Thursday, February 3, 2022


Syndication: The Montgomery Advertiser

Steals + Blocks, a Statistic of Havoc

One of my favorite things to do in a game is watch an opposing team attempt to figure out Kessler in real time. His lean 85” figure moves with surprising grace and agility. He’s able to adequately defend 1-5 against even the strongest opponents. His game has evolved significantly since the season began in November.

Offensively, he is almost unstoppable with the pick and roll. Opposing coaches have burned several timeouts as a direct result of consecutive Auburn possessions that ended with an easy Kessler basket, surrounded by defenders that seem genuinely puzzled at how Kessler got to the rim.

On defense, he is confident, decisive, and efficient in conference play through nine games. I’ve watched every single minute of his season so far, and even I am surprised by some of the blocks he’s able to pull off. Referees seem stunned by his abilities, as well - for example, two of his fouls against Alabama looked awfully clean upon replay (those two blocks would have given him his second triple double of the season). He’s a machine, y’all. A shot blocking machine. He leads the nation in blocks (93, as of the Alabama game) and block percentage (19.4%).

His teammate, KD Johnson, is a different animal. The 6’0” sophomore is T15th nationally in steals (46) and 28th nationally in steal rate (4.41%) thanks to hands that never rest. KD Johnson hasn’t taken a second off in a game, ever. If you’re an opposing guard, and your eyes are elsewhere, scanning the court, it’s too late. KD Johnson has already swiped the ball. Even if he doesn’t end up with the steal, he’s disrupted the offense. I can’t imagine how frustrating it must be to constantly have to go up against him.

Put these two individuals on the same roster. Put them on the court at the same time. Surround them with teammates that defend ferociously. Congratulations, you’ve created a monster. Through 22 games, Auburn has a steal rate of 12.6% (approximately 1 in 8) and an absurd block rate of 22.6% (approximately 2 in 9). A defense that lives to create Havoc.

Introducing STOCKS. I believe Rob Perez first coined the term to mean “a steal and a block in the same motion” but I’m using it a bit differently. STOCK% = Team Steal% + Team Block%. Auburn has a nation-best STOCK% of 35.208%. Over 35% of defensive possessions ending in a steal or a block is, well, it’s just insane. It’s also currently the best in the country.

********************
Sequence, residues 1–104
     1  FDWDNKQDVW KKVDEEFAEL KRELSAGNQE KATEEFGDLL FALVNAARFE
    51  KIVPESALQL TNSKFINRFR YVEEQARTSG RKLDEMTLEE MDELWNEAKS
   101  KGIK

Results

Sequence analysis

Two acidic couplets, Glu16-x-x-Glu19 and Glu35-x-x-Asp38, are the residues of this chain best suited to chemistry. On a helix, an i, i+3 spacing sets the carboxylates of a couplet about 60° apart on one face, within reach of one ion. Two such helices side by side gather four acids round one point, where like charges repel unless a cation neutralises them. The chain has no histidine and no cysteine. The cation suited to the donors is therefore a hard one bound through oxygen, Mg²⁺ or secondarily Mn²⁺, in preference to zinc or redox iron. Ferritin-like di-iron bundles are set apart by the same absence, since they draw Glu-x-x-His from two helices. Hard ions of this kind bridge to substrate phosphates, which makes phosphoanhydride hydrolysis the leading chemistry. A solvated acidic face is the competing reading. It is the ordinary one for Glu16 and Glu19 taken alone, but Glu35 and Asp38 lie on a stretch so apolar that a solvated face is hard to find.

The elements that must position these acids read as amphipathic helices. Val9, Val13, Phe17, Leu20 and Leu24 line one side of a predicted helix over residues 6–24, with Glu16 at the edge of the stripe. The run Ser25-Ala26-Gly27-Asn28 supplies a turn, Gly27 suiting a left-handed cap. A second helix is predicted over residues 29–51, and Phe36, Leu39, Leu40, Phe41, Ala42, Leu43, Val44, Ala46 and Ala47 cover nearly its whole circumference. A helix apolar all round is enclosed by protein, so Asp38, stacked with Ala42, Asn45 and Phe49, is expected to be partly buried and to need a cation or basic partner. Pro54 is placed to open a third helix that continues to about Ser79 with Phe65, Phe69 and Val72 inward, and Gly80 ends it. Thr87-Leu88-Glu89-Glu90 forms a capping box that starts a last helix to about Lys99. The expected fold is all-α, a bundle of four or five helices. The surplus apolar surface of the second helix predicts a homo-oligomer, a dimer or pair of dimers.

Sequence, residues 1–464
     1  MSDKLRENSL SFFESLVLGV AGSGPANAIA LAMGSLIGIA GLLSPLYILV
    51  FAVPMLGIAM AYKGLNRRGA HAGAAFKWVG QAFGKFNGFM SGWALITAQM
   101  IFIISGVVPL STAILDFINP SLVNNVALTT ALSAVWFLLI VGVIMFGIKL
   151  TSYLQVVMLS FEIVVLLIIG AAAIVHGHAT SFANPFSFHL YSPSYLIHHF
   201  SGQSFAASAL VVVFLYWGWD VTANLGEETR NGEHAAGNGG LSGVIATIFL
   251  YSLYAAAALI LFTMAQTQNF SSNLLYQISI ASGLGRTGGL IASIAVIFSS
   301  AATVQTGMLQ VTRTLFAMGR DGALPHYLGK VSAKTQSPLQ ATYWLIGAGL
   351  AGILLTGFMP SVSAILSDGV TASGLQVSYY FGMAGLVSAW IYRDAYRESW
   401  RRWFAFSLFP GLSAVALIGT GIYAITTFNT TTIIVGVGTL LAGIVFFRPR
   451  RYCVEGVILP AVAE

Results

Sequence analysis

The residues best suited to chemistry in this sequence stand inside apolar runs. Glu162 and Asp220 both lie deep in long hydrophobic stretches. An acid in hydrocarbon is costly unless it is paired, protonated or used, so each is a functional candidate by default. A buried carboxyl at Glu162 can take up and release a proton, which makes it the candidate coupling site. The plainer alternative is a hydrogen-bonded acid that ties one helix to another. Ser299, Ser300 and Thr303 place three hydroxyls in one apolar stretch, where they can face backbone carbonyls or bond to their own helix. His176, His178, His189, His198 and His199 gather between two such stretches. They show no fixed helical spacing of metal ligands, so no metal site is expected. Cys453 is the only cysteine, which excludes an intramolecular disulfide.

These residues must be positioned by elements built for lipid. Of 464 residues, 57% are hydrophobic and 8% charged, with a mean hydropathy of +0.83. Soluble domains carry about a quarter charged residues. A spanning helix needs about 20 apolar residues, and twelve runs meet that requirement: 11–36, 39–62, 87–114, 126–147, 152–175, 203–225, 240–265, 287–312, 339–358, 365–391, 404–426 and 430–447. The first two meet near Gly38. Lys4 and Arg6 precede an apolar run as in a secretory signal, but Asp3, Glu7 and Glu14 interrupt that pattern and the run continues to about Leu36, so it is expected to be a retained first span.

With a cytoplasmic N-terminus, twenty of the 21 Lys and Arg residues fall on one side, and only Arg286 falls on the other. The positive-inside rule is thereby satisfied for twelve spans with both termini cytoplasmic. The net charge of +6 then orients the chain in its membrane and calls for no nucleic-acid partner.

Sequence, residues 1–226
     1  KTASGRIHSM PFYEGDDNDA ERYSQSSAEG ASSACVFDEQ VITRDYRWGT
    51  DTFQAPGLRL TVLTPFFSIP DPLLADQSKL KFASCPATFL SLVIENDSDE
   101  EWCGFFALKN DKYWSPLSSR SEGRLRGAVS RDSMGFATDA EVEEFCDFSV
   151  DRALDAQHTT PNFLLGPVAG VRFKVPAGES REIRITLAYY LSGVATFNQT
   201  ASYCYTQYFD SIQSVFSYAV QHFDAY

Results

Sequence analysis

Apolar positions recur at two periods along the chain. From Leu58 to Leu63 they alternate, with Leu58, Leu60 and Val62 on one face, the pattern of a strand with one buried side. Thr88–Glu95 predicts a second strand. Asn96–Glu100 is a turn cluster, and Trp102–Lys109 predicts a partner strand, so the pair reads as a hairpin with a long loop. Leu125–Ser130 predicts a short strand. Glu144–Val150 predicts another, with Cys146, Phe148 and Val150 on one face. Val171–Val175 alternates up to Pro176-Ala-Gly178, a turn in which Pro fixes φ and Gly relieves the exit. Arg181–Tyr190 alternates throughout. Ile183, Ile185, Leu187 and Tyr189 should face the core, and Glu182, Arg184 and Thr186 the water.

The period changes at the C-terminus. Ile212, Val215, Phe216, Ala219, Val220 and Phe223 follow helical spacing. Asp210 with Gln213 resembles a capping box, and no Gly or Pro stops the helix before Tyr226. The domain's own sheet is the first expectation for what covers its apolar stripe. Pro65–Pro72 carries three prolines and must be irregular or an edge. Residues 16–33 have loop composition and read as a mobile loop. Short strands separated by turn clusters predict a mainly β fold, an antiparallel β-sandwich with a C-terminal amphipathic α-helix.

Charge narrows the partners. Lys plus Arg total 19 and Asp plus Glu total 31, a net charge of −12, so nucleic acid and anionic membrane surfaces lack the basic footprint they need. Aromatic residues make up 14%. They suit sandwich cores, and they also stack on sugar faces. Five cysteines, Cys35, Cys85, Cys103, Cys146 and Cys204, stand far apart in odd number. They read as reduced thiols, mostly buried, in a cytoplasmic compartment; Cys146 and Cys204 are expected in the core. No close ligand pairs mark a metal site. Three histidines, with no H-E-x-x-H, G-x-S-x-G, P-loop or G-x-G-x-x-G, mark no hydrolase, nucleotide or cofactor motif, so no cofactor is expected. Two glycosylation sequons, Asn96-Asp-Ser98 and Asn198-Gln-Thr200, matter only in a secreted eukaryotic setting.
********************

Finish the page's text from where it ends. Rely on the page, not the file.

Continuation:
Some observations:

If these numbers look staggering/wild/bonkers/etc., it’s because they are. There have been 7,215 men’s basketball teams in the Kenpom Era of hoops (2002-present). I looked at the STOCK% of each one of them.

In this first chart, I simply plotted block% and steal%. 2022 Auburn immediately jumps out as an outlier.

Now STOCK%, broken out by season.

Yes, you’re reading that correctly. Auburn’s 2022 STOCK% is higher than any STOCK% in the last 20 years. By a pretty significant margin. The next closest teams are 2012 Syracuse, who finished the season with a STOCK% of 33.29 and made it to the Elite 8, and 2013 Syracuse, who finished the season with a STOCK% of 33.03 and made it to the Final 4.


One more chart, plotted in a format more of you may be used to:

That far left column is so, so much taller than the others.

Is Auburn going to set the record* for highest STOCK% ever? Perhaps - but it’s a little early in the season. According to Kenpom’s “Division 1 Trends” page, Block% and steal% are up a bit this season compared to the most recent few seasons, but definitely aren’t as high as they were several years ago. Additionally, 4 2022 teams (Auburn, Rhode Island, LSU, and Houston) being in the top 10 all-time STOCK rankings leads me to believe that NCAA and conference tournament games significantly impact these stats.

Or maybe 2022 Auburn is just that good.

*Would be cool if the NCAA tracked STOCKS but alas

from College and Magnolia - All Posts

No comments:

Post a Comment